Pathways out of totalitarianism
About the project:
The recent rise of right-wing populism in the U.S. and Western Europe has prompted a range of books on the spread of authoritarianism and the threat of fascism. Titles like Twilight of Democracy (Applebaum 2020), How Democracies Die (Ziblatt & Levitsky, 2018); The Road to Unfreedom (Snyder, 2019); and Surviving Autocracy (Gessen 2020) document the erosion of democratic norms, loss of confidence in institutions and reduction of respect for pluralism. These books often evoke as warning the rise of totalitarianism in 20th century Europe, especially in Soviet Russia and Nazi Germany.
But the 19th, 20th and 21st centuries also offer examples of citizen mobilization in unexpected places. These include literary, artistic and social movements to expose disinformation and undermine systems of oppression under communism. In the 1980s, for example, writers launched appeals and commitments to "live in truth;" advocacy movements focused on religious freedoms; and environmental activism created spaces for alternative futures. More recently, in the post-Soviet world, citizens across the region have launched successive color revolutions, and demonstrated resilient and ongoing civic activism.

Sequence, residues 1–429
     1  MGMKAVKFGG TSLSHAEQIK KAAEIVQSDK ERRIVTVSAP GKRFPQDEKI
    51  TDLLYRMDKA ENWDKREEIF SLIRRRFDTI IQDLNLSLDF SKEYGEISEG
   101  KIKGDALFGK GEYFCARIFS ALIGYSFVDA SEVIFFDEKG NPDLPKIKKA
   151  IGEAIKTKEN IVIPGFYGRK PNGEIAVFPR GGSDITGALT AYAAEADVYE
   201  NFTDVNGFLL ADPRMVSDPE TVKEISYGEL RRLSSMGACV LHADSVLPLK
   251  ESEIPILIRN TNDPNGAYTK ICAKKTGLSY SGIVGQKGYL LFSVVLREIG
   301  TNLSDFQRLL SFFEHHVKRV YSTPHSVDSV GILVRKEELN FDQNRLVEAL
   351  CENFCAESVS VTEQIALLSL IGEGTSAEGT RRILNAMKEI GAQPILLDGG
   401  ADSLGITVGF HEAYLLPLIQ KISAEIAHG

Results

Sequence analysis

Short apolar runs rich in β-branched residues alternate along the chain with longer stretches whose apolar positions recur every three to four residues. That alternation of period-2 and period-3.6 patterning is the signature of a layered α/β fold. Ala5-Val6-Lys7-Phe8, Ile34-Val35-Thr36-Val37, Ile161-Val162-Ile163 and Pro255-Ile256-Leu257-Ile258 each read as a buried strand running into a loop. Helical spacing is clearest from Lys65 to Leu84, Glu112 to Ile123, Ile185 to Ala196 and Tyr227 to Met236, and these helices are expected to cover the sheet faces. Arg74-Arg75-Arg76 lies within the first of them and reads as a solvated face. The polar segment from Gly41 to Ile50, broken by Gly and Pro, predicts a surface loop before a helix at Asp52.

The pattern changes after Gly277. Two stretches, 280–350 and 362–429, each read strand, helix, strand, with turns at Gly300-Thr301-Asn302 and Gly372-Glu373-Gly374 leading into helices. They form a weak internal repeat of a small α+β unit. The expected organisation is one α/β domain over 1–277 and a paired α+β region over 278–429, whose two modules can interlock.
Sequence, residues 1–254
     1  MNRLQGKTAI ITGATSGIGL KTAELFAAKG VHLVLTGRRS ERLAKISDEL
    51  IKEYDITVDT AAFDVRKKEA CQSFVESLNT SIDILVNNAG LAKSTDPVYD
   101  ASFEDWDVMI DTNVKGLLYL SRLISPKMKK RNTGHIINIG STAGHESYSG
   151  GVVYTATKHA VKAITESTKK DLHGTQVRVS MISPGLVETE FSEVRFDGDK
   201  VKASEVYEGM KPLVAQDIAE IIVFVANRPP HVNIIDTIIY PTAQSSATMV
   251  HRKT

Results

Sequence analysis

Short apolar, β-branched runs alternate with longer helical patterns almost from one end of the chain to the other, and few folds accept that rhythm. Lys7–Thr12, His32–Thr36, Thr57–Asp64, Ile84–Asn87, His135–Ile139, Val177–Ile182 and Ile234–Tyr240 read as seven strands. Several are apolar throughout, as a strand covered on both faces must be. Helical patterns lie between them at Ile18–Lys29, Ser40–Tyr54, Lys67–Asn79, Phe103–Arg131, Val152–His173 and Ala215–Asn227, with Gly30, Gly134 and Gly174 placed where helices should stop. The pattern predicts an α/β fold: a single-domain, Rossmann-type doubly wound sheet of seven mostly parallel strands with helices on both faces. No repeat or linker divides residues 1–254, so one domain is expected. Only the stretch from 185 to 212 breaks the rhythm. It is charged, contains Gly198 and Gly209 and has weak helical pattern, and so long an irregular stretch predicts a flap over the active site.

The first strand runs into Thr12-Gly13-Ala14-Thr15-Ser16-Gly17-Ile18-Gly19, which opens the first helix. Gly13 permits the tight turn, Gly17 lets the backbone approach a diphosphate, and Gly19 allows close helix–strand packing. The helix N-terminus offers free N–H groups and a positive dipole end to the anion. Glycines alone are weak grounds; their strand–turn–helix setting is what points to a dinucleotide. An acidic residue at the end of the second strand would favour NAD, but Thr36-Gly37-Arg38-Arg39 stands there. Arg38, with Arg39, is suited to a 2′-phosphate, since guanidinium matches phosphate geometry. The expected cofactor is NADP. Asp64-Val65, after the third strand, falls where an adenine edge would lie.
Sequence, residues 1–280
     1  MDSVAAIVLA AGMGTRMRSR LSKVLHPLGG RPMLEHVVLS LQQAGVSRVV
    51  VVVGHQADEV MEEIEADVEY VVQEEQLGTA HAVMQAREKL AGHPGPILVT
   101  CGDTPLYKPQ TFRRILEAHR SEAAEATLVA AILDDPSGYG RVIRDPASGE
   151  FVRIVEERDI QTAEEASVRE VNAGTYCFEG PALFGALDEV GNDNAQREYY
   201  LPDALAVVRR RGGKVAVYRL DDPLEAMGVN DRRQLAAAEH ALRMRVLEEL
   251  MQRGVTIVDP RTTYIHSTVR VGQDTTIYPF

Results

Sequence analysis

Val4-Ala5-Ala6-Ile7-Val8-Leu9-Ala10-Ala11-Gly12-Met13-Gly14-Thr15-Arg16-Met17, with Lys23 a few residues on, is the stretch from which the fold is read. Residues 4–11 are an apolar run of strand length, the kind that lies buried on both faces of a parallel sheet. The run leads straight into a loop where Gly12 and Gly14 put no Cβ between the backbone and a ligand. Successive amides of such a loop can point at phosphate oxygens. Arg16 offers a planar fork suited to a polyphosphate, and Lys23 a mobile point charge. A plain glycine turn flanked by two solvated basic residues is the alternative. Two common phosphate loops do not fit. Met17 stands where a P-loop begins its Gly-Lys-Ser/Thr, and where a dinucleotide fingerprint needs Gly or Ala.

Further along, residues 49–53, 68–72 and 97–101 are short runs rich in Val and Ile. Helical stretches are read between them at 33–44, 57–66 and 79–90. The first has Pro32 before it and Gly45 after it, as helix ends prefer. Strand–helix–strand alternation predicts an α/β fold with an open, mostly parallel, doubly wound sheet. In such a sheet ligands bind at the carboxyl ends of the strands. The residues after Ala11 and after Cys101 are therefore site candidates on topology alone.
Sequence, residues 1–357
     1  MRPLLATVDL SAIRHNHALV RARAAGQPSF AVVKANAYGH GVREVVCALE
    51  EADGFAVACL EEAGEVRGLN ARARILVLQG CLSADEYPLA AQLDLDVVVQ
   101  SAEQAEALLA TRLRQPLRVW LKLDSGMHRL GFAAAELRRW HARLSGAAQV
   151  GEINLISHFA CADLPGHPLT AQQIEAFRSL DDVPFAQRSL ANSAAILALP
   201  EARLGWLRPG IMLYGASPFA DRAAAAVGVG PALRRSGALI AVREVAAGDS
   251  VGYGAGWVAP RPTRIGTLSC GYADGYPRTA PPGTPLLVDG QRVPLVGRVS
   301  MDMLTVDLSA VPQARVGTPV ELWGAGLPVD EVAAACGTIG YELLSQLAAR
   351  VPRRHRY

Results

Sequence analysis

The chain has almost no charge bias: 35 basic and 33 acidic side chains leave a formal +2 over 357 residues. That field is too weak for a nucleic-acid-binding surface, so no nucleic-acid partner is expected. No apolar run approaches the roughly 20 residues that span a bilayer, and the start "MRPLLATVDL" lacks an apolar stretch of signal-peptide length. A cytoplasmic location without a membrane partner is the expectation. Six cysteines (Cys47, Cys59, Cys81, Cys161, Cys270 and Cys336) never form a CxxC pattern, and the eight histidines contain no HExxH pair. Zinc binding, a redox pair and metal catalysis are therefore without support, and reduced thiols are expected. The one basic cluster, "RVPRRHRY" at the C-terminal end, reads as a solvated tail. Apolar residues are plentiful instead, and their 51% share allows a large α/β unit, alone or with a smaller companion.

Confronting Authoritarianism—a collaboration between the Center for the Study of Religion and Conflict, The Melikian Center, the Center for Jewish Studies and the Narrative Storytelling Initiative—will uncover and relate alternative lessons from the past and present, where active and engaged citizens have challenged, resisted or reversed autocratic projects. The project will foreground in particular the importance of religion and spirituality on the one hand, and financial and economic logics and fantasies on the other, as contested spaces of freedom and politics.
Contributors to the project will take knowledge public, producing articles and essays that highlight the resilience and recurrence of struggles for human dignity, the recognition of mutuality, and the need to push back against rising dangers. Central Europe’s combination of faith in a better future—whether religiously or secularly-based—intellectual legacies, and citizen solidarity in spite of corrosive elite policy, provides resources for the global present.
Images by Ben Miller-Gootnik (2016),
Used with permission